What To Do When My Child Stops Practicing

A parent spending money on a child for music or guitar tuition has one dreaded fear. That their money will go to waste. The typical scenario of this is that the child loves playing and practicing the guitar at first, but at some point their enthusiasm seems to die down.

Guess what? This is not only very common – it’s also normal.

What?! Normal?!


The vast majority of people aren’t super enthusiastic about one single topic forever. They need regular stimulation, which for us guitarists means attending weekly lessons, seeing your own progress/improvements, setting and reaching new goals, listening to new music and maybe even playing through new amps or pedals.

So what do you do when your child stops practicing? I can tell you right now that simply “quitting” guitar lessons will only guarantee that you haven’t maximised the return on your investment of time, effort and money. You might be thinking “maybe they’ll want to pursue it later on in life” and I can tell you that statistically they won’t.

What you really need to do is assess why they’ve stopped practicing. The most common reasons are that they “can’t be bothered right now”, “don’t have enough time” or “have never really practiced properly to begin with”.

My first response to parents is – don’t stress. All is not lost.

Once their tutor is informed, we can start implementing systems to motivate them to practice. Here are a few good (and frequently suggested by UGA) ideas!

1) Reward Practice

What child does their homework willingly? They need incentive, which at school is usually the negative reinforcement of getting in trouble. Keep things positive for guitar by rewarding them with extra video game time, dessert that night, ice cream on the weekend, pocket money or anything else that works for your child.

2) Schedule Practice

Make a daily or weekly routine roster of chores, homework, video game time etc. and schedule guitar practice as part of it. Keep it early on in the day, rather than late at night. This means students can get it done and dusted as soon as they get home from school.

3) Talk To Them

Maybe they’re sick of guitar (HA! Like that’s even possible!). Find out their reason, but above all else remember that they are still a young child.  It may just be a bit of a rut or rough patch that they will soon get through, especially with the assistance of their tutor.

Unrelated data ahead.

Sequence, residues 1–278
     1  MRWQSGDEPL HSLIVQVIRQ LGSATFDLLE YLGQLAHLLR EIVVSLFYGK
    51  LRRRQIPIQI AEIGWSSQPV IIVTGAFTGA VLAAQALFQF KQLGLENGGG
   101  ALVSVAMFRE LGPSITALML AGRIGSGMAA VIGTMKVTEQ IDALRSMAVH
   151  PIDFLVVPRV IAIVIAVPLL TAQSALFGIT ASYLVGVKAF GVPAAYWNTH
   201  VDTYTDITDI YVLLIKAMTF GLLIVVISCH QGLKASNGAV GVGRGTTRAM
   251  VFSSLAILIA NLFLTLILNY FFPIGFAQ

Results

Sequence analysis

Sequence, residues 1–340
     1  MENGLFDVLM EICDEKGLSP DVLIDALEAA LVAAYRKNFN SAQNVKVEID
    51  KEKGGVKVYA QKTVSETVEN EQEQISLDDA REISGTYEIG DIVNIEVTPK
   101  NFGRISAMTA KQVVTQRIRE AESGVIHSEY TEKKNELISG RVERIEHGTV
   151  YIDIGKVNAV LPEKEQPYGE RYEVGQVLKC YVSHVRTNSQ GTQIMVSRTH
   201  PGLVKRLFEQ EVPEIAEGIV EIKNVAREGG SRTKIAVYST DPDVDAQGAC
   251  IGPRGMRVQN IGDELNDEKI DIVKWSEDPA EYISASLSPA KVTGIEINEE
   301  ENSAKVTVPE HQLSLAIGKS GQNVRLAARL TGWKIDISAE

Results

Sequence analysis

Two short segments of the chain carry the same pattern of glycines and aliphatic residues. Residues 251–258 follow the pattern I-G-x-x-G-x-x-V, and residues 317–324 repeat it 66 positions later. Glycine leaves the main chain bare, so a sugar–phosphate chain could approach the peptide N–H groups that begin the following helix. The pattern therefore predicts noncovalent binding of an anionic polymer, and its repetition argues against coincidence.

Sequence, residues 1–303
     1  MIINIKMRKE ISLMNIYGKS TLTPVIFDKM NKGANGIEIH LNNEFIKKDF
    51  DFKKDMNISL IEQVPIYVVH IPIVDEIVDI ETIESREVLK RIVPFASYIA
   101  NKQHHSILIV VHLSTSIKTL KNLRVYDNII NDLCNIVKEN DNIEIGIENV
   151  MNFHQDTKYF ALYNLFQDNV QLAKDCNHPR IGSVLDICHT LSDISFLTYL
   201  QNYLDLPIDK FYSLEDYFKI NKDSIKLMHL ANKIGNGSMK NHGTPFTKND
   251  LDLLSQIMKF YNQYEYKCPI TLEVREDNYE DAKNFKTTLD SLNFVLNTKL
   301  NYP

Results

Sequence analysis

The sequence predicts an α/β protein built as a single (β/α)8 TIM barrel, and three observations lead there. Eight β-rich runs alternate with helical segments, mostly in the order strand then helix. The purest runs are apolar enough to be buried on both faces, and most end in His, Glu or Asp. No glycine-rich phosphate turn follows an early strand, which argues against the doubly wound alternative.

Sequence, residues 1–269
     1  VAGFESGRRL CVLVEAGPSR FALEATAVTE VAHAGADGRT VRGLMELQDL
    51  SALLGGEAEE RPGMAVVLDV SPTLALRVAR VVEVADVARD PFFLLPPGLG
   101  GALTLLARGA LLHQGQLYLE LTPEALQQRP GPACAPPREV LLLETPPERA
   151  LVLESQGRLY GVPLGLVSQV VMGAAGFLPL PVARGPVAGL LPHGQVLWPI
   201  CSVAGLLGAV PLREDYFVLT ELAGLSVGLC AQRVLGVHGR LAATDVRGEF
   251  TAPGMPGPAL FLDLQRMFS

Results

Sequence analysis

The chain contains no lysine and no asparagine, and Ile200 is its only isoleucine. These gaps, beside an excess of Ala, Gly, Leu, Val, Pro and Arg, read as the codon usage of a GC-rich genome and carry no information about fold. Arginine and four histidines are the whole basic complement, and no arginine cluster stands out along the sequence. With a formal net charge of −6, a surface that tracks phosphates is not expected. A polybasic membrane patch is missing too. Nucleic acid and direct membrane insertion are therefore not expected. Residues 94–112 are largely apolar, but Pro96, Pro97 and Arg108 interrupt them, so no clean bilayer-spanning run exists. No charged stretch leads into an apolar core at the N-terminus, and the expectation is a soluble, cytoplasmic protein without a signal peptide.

4) Inform Their Tutor

Don’t simply quit lessons straight up (I know, I seem biased). Talk to their tutor and ask for their help. My lesson approach changes based on how much a student practices, so that I can get results from their playing regardless of how much effort they are putting in at home.

5) Set Goals

They can decide the goal, or you can set them a realistic challenge (it might be a good idea to ask your tutor for suggestions). Set the goal and reward with your child and work together to achieve it. It could be to learn a specific song by the end of a term, practice 200 minutes by the end of the month, play a song for a family member… or anything else that your child would benefit from and enjoy!

6) Take Charge!

Take charge of their practice time. This will mean sitting with them and instructing them what to play and how many times to play it – in fact, it’s kind of like a mini guitar lesson that you’re running. But don’t learn new material, just revise what they’ve already been working on. Make sure you keep track of time with a stopwatch and then record the minutes in your child’s Practice Log (this should be found in the lesson booklet of every UGA student). Contact us if you need more!

7) Be Realistic

I’ve met parents before that have expected their child to master absolutely everything they’re taught within a matter of days. This may be possible for some learners, but the majority of students find guitar quite difficult and it takes a lot of time before the muscle memory and necessary skills are well established.

Hopefully you now have an idea of what approach to take if your child isn’t practicing as much as you’d like. Remember to always consult your tutor if you have problems like these. They’re there to help!

Need further advice? Feel free to contact us!

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